A script for making patches

I have a standard format for patchnames: 1234-99.project.brief-description.patch, where 1234 is the issue number and 99 is the (expected) comment number. However, it involves two copy-pastes: one for the issue number, taken from my browser, and one for the project name, taken from my command line prompt.

Some automation of this is clearly possible, especially as I usually name my git branches 1234-brief-description. More automation is less typing, and so in true XKCD condiment-passing style, I've now written that script, which you can find on github as dorgpatch. (The hardest part was thinking of a good name, and as you can see, in the end I gave up.)

Out of the components of the patch name, the issue number and description can be deduced from the current git branch, and the project from the current folder. For the comment number, a bit more work is needed: but now has a public API, so a simple REST request to that gives us data about the issue node including the comment count.

So far, so good: we can generate the filename for a new patch. But really, the script should take care of doing the diff too. That's actually the trickiest part: figuring out which branch to diff against. It requires a bit of git branch wizardry to look at the branches that the current branch forks off from, and some regular expression matching to find one that looks like a Drupal development branch (i.e., 8.x-4.x, or 8.0.x). It's probably not perfect; I don't know if I accounted for a possibility such as 8.x-4.x branching off a 7.x-3.x which then has no further commits and so is also reachable from the feature branch.

The other thing this script can do is create a tests-only patch. These are useful, and generally advisable on issues, to demonstrate that the test not only checks for the correct behaviour, but also fails for the problem that's being fixed. The script assumes that you have two branches: the one you're on, 1234-brief-description, and also one called 1234-tests, which contains only commits that change tests.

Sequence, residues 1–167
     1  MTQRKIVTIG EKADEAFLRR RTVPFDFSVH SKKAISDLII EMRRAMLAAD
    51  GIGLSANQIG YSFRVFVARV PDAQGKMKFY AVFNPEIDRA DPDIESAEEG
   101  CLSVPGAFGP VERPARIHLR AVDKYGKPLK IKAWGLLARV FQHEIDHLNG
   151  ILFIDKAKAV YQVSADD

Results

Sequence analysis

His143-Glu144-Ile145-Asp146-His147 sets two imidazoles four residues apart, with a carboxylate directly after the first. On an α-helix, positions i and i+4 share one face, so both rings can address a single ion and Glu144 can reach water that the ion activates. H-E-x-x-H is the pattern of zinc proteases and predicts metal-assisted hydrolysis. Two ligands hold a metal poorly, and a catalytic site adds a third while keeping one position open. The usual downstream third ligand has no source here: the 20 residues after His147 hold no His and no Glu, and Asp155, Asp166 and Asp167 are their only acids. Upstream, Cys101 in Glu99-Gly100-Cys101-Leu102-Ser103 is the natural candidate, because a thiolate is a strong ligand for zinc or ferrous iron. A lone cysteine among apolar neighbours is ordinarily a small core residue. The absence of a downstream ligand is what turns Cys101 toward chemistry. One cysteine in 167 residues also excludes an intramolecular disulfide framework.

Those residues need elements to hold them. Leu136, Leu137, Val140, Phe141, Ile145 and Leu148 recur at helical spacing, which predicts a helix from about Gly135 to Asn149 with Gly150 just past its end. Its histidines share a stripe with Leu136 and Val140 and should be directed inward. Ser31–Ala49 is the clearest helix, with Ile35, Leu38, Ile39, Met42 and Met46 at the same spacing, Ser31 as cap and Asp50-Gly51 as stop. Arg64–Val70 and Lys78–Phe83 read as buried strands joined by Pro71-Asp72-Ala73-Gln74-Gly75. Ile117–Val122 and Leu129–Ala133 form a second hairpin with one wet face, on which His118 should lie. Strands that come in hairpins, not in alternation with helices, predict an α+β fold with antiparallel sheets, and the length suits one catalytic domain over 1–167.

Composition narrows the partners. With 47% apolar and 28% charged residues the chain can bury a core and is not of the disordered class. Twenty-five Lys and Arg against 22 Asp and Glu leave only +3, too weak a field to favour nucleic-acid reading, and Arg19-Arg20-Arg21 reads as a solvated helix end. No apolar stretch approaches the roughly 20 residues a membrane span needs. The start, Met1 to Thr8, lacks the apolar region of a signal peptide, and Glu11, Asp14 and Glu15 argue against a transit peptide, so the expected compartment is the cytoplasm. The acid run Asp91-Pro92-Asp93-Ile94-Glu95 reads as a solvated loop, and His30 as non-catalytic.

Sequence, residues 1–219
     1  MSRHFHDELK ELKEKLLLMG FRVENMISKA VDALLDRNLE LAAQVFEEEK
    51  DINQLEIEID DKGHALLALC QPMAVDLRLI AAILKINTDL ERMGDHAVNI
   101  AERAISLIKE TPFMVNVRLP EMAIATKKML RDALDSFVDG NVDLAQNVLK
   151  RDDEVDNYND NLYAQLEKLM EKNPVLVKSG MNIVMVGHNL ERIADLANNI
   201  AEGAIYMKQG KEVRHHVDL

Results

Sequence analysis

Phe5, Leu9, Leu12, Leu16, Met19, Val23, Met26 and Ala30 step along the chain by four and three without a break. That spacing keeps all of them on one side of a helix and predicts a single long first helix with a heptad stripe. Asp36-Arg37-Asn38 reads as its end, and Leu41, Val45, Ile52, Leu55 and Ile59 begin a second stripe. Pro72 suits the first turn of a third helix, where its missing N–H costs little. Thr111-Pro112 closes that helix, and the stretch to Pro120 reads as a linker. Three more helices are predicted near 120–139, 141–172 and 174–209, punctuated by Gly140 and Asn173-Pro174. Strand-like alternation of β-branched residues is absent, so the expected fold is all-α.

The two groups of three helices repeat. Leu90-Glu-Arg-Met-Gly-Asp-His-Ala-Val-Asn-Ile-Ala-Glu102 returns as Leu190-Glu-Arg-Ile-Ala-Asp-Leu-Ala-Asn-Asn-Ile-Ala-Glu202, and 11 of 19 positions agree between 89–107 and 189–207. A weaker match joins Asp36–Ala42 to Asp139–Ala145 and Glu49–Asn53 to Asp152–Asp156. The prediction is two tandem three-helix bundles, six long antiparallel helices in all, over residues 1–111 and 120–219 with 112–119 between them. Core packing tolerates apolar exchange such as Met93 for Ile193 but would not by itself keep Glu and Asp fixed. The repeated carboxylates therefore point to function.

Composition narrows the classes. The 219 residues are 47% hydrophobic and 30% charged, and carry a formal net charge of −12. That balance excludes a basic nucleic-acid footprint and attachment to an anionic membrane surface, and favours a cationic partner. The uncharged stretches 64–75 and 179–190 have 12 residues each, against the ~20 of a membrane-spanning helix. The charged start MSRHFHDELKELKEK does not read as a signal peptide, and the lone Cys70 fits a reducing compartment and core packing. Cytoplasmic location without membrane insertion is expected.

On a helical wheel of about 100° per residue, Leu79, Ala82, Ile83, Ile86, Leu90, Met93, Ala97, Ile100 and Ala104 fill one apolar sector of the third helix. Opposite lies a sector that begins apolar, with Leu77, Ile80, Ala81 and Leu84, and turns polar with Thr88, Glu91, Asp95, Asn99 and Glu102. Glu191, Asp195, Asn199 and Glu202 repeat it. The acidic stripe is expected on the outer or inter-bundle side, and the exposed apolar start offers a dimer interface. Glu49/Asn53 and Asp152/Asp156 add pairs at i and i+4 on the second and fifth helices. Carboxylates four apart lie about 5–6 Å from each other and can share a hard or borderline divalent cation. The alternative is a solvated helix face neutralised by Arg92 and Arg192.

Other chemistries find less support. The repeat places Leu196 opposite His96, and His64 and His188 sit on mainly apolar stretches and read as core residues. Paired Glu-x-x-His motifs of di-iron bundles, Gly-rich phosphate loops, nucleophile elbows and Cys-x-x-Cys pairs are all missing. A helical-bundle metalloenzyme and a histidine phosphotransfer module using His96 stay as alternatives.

The git workflow to get to that point would be:

  1. Create the branch 1234-brief-description
  2. Make commits to fix the bug
  3. Create a branch 1234-tests
  4. Make commits to tests (I assume most people are like me, and write the tests after the fix)
  5. Move the string of commits that are only tests so they fork off at the same point as the feature branch: git rebase --onto 8.x-4.x 1234-brief-description 1234-tests
  6. Go back to 1234-brief-description and do: git merge 1234-tests, so the feature branch includes the tests.
  7. If you need to do further work on the tests, you can repeat with a temporary branch that you rebase onto the tip of 1234-tests. (Or you can cherry-pick the commits. Or do cherry-pick with git rev-list, which is a trick I discovered today.)

Next step will be having the script make an interdiff file, which is a task I find particularly fiddly.

A git-based patch workflow for (with interdiffs for free!)

There's been a lot of discussion about how we need github-like features on Will we get them? There's definitely many improvements in the pipeline to the way our issue queues work. Whether we actually need to replicate github is another debate (and my take on it is that I don't think we do).

In the meantime, I think that it's possible to have a good collaborative workflow with what we have right now on, with just the issue queue and patches, and git local branches. Here's what I've gradually refined over the years. It's fast, it helps you keep track of things, and it makes the most of git's strengths.

A word on local branches

Git's killer feature, in my opinion, is local branches. Local branches allow you to keep work on different issues separate, and they allow you to experiment and backtrack. To get the most out of git, you should be making small, frequent commits.